• the use of electronic media such as ‘virtual classrooms’ and learning platforms should generally be used to complement face to face education rather than as sole provision (unless health needs dictate otherwise)
    • evidence should be sought from medical consultants as to how much education it is appropriate for a child to receive and when they might be ready to return to school
    • the pattern of complex and long-term health illnesses can be unpredictable. Councils should discuss the child’s needs and how these may best be met with the school, relevant clinician and parents, and where appropriate the child.
  4. Government guidance does not currently define full-time education by way of a number of hours. The Ombudsman’s Focus Report ‘Out of school…out of mind?’, originally issued in 2011, set out the assumptions that applied at that time (which were taken from a now withdrawn Government circular). For pupils in years 7 to 10 the assumption of what constituted a full-time education was 24 hours per week.

Council’s policy

  1. The Council has a policy ‘Education for children with medical needs’ available on its website. This includes a Named Officer whose role is to establish procedures to monitor and record cases where education is disrupted by medical conditions and to regularly review the education offered to those children to ensure they receive suitable education. The policy says the Education Welfare Service will compile a list of such children termly and these ‘lists and cases brought to the attention of the LA…will be reviewed by officers…and if appropriate referred to a panel of senior officers…the Missing Monday Panel’.
  2. The policy says that the Council will first aim to support schools to meet their duty to children with medical conditions and this support will be provided by Inclusion and Education Welfare Officers, Area Learning Advocates and officers from the 0-25 SEN team.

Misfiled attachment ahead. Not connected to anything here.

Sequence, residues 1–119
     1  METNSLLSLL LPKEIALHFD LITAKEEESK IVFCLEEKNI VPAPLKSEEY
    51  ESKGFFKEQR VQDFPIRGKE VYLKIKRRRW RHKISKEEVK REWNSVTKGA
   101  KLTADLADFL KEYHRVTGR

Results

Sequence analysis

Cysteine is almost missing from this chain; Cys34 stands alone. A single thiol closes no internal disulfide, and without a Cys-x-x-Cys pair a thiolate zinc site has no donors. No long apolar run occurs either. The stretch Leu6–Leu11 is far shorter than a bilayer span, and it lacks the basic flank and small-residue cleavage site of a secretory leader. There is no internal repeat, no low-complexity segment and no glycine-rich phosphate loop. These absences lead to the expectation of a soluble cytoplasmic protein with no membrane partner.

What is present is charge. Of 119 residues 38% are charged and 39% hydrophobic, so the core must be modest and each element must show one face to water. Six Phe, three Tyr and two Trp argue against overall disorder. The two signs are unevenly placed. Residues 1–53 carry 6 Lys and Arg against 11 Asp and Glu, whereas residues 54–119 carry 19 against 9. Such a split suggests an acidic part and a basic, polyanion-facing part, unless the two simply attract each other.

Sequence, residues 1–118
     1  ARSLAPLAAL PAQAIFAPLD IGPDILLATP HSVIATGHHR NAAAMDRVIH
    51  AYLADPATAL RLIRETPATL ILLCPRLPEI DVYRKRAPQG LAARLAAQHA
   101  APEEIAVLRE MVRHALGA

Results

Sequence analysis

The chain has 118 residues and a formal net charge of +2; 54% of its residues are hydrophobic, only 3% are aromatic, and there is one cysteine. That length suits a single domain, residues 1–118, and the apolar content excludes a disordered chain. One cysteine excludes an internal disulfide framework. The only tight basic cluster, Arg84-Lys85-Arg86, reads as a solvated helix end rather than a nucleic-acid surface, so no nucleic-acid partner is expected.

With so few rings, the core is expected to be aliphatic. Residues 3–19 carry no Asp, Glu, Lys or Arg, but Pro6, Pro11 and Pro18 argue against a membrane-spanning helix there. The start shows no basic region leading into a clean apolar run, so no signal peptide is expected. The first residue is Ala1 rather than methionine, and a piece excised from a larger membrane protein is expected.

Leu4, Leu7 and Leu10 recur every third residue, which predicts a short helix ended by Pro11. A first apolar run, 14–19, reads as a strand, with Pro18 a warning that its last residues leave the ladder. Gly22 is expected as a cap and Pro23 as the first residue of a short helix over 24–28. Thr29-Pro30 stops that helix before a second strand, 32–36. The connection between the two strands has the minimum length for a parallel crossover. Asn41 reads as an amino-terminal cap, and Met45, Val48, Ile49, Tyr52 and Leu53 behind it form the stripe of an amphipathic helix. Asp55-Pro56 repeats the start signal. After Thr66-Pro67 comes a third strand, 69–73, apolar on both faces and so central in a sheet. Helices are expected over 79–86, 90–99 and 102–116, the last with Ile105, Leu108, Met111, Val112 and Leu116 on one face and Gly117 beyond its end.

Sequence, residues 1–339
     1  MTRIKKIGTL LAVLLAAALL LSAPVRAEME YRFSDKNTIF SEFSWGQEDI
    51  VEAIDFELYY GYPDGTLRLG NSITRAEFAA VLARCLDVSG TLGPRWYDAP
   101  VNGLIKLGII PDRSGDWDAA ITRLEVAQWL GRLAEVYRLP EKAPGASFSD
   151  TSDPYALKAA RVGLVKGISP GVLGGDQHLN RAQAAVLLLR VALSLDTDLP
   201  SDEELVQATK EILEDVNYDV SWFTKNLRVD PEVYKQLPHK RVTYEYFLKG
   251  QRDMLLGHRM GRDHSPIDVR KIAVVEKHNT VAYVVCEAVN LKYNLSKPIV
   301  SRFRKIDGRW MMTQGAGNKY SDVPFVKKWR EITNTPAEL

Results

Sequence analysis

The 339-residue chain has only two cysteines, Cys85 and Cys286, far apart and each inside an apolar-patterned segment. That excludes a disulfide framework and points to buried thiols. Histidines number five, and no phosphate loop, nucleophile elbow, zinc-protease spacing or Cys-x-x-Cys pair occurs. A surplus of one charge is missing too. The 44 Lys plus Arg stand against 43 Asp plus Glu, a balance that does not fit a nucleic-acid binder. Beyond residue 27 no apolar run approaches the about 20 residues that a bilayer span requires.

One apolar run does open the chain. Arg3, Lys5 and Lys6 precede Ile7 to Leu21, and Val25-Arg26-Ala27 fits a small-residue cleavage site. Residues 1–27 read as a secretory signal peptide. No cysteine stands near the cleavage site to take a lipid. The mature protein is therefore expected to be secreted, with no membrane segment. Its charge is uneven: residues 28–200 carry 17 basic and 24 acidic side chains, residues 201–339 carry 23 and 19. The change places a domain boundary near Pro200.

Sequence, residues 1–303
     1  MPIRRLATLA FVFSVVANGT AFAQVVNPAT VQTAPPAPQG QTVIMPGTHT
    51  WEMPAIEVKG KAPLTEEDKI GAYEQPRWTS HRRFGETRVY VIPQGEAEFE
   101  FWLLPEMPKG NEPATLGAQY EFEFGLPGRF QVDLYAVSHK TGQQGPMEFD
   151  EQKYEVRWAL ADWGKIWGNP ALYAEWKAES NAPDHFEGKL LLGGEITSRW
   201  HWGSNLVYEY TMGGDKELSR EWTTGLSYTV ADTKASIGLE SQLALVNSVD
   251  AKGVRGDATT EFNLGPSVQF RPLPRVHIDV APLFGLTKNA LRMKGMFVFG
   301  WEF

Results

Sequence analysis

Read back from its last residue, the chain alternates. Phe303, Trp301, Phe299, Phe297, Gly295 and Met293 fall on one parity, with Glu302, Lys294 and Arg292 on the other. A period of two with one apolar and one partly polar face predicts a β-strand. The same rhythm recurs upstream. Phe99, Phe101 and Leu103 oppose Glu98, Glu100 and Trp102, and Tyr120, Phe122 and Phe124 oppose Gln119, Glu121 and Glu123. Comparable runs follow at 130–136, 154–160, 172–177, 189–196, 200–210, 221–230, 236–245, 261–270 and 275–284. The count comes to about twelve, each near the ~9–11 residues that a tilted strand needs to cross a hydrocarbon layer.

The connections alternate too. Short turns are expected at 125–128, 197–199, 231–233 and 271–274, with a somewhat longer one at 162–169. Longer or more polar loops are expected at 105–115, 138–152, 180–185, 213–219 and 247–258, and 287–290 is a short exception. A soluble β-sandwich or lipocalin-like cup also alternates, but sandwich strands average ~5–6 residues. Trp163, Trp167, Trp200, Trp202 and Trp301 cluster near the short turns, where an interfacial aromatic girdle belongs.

Chronology of events

  1. Y transferred to mainstream secondary school in September 2015.
  2. In Year 8 it was apparent Y was struggling with anxiety and sensory difficulties when attending school. Y had a diagnosis of attention deficit hyperactive disorder (ADHD) and was being investigated for autism.
  3. In or about March 2017, the Council agreed to conduct a statutory assessment of Y’s education, health and care needs. It obtained reports from a paediatrician, psychologist, educational psychologist (EP) and Y’s school. A team around the child meeting was held on 25 July 2017.
  4. In July 2017 the psychologist wrote a letter to Y’s School stating that Y was medically unfit to attend mainstream school due to her anxiety and sensory overload. The psychologist noted a specialist placement was being looked into and that Y would do well in such a setting.
  5. There is no evidence this letter was shared with the Council and the Council told me it did not receive a copy at that time. Documents provided by the Council in support of the EHC plan later issued do not reference this letter which tends to suggest it was not shared with the Council in July.
  6. An EP produced a report in August 2017 which concluded Y’s needs could be met in mainstream school with additional support. There was therefore a difference of opinion between professionals about the type of school Y should attend.
  7. In September 2017 Mr X contacted the Council by telephone. Mr X advised Y was at home and parents were unsure Y should stay at her current school. Mr X asked the SEN team to call him back.
  8. The SEN officer appears to have written an email rather than returned the call to Mr X on 22 September. The email said the SEN team could not advise from an educational perspective as it relied on advice from others. The Council was due to decide whether to issue an EHC plan by 24 October. The SEN team said that in the interim (and draft plan) period Y’s school remained responsible for her education and should seek advice from involved professionals as well as seeking advice from the Council’s Inclusion team on interim options.